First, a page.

RADIO CEGESTE : Christchurch Radio Memorials

In a series of works conducted in the past three years, I have been attempting a response to the destruction of the city of Christchurch, a micro-Odyssean journey which has been conducted from my current home of Dunedin. This has been both a response to the fragmentation of material history and memory, and an investigation of how mobile radio can become a way of translating the city, itself a form of mobile architectural intervention.

Radio is a slippery medium, at once ephemeral and wholly tactile, itself historically implicated in holding and giving away of memory and the dis-connecting, and re-connecting of people. I have been, in these and other projects, conducting radio art as ‘fieldwork’, a type of investigative process of material and physical histories. I have done radio transmissions which explore, through field recording and narrowcasting, the architecture of the inner city spaces of the red zone, and the suburb of Bexley.

Object based works include modified radio memorial #1 (a fissure in the line of a public silence), an edition of locked groove lathe-cut records pressed with the two minute radio silence broadcast a week after the earthquake of 2011, and educed city symphony, acts 1-7 (songs for old dungers), a series of photographs of antique symphonion music box discs, with audio ‘soundtracks’. the device which made these discs audible was destroyed in the earthquake, when the c. 1830s machine which they belonged to, which is the only thing that could play them, was bulldozed as part of the contents of the Blue Kiwi antique store.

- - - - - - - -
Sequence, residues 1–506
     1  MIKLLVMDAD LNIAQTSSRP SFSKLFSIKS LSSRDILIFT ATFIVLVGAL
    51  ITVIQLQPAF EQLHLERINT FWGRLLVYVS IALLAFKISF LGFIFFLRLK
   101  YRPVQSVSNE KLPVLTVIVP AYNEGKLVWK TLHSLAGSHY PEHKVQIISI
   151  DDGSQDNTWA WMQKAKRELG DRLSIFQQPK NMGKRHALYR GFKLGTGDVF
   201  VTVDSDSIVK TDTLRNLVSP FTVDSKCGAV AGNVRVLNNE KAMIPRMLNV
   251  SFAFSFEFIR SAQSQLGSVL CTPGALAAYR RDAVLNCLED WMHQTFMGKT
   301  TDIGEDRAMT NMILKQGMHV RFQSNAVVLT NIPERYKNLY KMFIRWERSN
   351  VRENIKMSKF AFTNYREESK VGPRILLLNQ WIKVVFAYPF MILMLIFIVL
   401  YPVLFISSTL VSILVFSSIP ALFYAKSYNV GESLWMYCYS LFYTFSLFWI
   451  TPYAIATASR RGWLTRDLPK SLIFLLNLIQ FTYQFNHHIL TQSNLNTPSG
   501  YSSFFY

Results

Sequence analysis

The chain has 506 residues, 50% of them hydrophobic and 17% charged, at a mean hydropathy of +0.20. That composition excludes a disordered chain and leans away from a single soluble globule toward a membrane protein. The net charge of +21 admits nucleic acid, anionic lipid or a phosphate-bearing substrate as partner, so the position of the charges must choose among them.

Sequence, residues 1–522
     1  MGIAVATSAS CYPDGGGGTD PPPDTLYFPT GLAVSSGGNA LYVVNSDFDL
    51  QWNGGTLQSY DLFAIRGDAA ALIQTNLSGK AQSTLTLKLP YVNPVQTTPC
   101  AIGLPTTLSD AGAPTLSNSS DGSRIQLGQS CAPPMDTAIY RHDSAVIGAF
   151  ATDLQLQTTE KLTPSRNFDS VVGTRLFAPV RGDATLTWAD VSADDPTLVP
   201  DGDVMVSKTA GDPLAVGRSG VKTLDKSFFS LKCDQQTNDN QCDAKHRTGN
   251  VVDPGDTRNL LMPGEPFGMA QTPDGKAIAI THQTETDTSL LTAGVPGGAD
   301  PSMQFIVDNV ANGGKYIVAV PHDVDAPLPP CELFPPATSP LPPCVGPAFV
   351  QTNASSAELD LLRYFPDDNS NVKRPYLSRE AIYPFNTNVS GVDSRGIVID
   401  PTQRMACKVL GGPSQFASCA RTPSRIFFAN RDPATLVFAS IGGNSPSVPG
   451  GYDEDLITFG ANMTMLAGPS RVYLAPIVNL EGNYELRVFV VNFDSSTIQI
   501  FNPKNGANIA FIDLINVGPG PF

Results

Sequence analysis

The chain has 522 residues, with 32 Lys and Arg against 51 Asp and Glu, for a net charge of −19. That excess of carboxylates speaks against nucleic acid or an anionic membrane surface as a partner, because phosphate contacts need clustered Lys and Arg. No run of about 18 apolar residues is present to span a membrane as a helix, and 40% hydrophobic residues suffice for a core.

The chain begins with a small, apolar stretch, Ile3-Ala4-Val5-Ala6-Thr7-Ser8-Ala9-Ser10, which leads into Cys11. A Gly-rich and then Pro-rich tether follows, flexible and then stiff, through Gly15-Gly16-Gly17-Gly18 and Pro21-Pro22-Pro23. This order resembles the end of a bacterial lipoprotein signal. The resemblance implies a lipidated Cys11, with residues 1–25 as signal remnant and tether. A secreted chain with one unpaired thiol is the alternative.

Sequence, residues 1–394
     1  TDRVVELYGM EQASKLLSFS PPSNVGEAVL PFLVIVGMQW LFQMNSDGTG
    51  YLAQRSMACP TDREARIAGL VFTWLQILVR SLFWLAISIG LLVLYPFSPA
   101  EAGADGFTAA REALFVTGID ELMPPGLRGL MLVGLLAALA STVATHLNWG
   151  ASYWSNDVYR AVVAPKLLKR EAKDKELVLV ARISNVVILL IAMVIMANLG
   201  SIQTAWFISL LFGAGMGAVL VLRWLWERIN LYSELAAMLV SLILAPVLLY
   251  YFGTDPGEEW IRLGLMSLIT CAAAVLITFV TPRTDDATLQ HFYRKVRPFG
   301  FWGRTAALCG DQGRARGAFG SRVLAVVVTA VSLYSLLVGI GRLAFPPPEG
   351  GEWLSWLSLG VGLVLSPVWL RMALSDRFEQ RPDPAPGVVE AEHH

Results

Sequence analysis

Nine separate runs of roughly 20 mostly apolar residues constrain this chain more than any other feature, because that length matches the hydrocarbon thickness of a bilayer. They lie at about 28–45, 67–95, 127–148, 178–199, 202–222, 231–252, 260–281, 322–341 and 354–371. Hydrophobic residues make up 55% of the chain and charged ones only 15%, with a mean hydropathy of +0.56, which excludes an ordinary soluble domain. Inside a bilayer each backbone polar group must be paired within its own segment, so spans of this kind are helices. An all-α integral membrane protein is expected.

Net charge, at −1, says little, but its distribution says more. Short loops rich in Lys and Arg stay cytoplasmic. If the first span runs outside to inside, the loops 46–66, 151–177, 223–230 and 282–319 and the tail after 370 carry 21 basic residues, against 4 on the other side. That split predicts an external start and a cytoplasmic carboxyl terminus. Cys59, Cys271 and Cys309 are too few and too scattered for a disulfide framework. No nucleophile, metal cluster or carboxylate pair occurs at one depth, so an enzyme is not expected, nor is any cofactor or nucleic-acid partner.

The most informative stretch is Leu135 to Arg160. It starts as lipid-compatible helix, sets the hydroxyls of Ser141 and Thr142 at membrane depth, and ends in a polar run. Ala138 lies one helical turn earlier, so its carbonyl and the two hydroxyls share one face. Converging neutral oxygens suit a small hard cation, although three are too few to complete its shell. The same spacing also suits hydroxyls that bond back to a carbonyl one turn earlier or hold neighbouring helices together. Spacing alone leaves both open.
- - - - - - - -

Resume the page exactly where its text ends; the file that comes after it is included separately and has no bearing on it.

In material form, these objects become unplayable files, their histories resigned to obsolescence, but digital technologies of playback render them re-audiblisable. The actual material of these discs is infiltrated in the ‘soundtracks’ by material from oral histories on tape of my great grandmother’s reminisces. Her name was Ann Wright, and she was 102 years old when she died, having lived in Kaiapoi all that time. The oral histories were lodged at The Kaiapoi Courthouse (latterly the Kaiapoi Museum) was deemed structurally unsound after the September 4 earthquake and was demolished over several days from 10 September 2010.

I would like to explore in a presentation how these works conduct an investigative process that explores memory, history and the city, the idea of public space, and the memorial. They also widen out in scope to include the entirety of the country, such as a collaboration with Dunedin Based artist Kerry Ann Lee, with whom I am currently working on a collaborative project exploring cultural heritage, recording and memory as the family business of her childhood years in Wellington is marked for demolition by earthquake strengthening laws, and related Dunedin based works with other artists.

More documentation of radio works conducted in christchurch spaces here :

Image of ‘modified radio memorial #1’ lathe cut and accompanying text in the exhibition ‘simulcast’ at the Audio Foundation 2013: